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Anyone who has studied quantum mechanics know the following relation: $ 2 \otimes 2 = 3 \oplus 1 $

But how did a man woke up and said "Hell yeah, I'll use tensor product of two spin $1/2$ to simulate the interaction of two particles with spin $1/2$" ? Why didn't he start with the direct sum ?

(And then, group theory made the magic leading to the relation above)

In fact, i'm wondering this because i don't fully understand why we use the tensor product to unite the two Hilbert's space.

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marked as duplicate by Jon Custer, ZeroTheHero, Kyle Kanos, Cosmas Zachos, Aaron Stevens Aug 28 at 17:45

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  • $\begingroup$ Are you referring to Clebsch–Gordan expansion? $\endgroup$ – Sunyam Nov 4 '17 at 22:07
  • $\begingroup$ If two particles each have $n$ states, the total number of possible states the two particles can be in is reasonably $n^2$, not $2n$. So that favors tensor product over direct sum. $\endgroup$ – knzhou Nov 4 '17 at 22:12
  • $\begingroup$ Not really, I just wonder how did Pauli (I assume it's him) knew he had to do a tensor product (and then the CG expansion) and not something else (like a direct sum) $\endgroup$ – user65854 Nov 4 '17 at 22:12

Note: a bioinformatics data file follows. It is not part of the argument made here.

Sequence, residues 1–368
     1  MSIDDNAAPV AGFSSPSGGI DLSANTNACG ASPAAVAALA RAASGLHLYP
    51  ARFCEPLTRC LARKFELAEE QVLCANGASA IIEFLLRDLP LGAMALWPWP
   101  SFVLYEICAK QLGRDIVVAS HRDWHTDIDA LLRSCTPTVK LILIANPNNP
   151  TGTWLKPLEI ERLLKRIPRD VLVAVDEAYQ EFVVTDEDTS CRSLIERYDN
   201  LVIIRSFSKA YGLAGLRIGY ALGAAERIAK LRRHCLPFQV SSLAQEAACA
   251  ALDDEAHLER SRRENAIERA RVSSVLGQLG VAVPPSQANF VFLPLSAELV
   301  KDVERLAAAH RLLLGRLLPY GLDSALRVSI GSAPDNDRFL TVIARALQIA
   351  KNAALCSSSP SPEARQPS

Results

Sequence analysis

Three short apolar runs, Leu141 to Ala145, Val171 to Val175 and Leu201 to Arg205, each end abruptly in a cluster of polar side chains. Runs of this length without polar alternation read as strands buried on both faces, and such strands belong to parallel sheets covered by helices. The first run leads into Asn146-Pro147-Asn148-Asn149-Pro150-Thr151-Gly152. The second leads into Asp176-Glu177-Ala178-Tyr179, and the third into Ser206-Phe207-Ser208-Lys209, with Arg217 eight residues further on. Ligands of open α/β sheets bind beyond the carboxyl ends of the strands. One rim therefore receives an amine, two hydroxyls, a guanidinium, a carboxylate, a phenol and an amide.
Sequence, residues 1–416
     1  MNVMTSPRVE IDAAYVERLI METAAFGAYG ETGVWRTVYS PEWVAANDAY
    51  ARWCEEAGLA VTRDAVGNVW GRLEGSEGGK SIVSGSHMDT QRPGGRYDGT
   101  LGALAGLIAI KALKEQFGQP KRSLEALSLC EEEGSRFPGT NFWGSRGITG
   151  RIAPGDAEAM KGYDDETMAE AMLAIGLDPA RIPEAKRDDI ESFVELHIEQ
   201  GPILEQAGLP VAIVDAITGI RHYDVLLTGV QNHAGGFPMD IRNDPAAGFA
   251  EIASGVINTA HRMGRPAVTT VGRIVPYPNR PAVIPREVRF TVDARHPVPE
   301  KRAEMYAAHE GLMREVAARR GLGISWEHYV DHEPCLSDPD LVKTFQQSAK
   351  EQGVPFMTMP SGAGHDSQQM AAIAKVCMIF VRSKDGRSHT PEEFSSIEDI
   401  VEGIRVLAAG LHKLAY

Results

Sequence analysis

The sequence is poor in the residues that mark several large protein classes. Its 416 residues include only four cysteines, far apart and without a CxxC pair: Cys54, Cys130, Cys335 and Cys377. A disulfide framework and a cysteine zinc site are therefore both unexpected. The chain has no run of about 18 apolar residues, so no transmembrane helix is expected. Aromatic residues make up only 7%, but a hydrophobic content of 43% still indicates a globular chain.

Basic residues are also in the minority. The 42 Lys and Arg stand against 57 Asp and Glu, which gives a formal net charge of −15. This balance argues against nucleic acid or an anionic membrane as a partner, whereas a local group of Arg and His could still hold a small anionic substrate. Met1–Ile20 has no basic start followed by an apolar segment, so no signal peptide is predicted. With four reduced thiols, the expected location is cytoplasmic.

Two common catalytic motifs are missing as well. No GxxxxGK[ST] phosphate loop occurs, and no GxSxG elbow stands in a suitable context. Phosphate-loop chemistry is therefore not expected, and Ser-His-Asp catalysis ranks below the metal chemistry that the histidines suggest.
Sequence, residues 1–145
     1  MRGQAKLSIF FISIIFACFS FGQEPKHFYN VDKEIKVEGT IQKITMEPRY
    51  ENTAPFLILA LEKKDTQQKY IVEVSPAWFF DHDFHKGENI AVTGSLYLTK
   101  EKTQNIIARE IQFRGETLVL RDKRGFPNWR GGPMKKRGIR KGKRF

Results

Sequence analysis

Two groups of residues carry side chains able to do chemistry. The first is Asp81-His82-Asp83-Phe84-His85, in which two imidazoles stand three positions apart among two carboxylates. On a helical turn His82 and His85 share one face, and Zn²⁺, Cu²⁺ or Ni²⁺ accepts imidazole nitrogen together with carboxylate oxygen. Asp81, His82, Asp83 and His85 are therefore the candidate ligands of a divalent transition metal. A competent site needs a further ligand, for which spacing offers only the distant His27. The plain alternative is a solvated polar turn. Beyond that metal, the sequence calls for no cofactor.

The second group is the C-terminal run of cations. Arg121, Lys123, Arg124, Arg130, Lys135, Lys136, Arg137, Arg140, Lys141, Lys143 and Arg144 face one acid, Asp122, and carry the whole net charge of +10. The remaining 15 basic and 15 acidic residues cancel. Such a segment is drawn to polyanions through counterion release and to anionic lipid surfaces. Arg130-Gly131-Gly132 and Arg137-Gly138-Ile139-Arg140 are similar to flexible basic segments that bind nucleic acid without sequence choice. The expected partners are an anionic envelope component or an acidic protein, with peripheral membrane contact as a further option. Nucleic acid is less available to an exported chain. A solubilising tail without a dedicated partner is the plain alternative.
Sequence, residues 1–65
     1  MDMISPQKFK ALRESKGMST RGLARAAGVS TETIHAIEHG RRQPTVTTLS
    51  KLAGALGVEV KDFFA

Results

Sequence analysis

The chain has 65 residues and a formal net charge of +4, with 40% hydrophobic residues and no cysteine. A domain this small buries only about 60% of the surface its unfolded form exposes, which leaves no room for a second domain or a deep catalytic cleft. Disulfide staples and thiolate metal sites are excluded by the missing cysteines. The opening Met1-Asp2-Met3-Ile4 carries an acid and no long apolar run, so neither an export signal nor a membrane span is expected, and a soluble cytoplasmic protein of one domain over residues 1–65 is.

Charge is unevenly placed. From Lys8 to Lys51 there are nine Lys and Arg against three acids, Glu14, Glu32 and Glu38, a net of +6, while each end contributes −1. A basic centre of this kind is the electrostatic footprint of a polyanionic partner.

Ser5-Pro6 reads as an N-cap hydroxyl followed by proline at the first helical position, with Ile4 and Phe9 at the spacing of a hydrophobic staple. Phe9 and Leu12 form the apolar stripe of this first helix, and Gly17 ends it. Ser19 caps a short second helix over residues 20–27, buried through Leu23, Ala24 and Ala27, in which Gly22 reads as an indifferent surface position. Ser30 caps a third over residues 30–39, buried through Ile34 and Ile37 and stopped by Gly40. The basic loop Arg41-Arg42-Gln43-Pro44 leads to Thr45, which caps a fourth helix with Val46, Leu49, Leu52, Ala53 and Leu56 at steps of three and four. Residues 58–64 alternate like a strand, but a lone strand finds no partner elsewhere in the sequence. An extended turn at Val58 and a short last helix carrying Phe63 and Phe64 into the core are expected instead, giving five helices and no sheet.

• $\begingroup$ Total spin of two spin-1/2 particles $\endgroup$ – Frobenius Nov 4 '17 at 23:03
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    $\begingroup$ Possible duplicate of Should it be obvious that independent quantum states are composed by taking the tensor product? (and several other related questions). $\endgroup$ – Emilio Pisanty Aug 19 at 8:31
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The decomposition $\frac{1}{2}\otimes \frac{1}{2}\to 0\oplus 1$ is useful when the Hamiltonian (or at least its dominant part) is $SU(2)$-invariant. The part that mixes $SU(2)$ irreps can then be treated perturbatively.

Group theory notwithstanding, it’s a pretty natural thing to do from the perspective of finding eigenstates of commuting operators, since the eigenstates of the total angular momentum $\hat J^2$ naturally break into a (degenerate) triplet and a singlet.

The idea of irreducible representations and decomposing tensor products of representations (for finite groups) was well known from crystallography. But then came Wigner, who considerably expanded the use of representation theory in physics.

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